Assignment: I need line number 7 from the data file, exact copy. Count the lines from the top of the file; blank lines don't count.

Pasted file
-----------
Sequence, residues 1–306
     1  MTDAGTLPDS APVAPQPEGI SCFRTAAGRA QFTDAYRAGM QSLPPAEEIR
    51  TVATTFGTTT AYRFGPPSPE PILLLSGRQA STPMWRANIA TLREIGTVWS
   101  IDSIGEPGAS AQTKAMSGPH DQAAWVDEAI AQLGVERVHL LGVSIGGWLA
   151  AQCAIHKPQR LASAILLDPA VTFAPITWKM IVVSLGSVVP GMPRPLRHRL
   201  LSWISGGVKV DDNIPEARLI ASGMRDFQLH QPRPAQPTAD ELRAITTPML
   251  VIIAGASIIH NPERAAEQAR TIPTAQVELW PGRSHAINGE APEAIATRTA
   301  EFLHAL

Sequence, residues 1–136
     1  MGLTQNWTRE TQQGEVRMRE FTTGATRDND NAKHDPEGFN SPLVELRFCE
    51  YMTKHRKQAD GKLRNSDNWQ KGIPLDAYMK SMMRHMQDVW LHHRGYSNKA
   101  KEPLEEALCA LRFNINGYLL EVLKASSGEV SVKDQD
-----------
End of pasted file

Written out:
   251  VIIAGASIIH NPERAAEQAR TIPTAQVELW PGRSHAINGE APEAIATRTA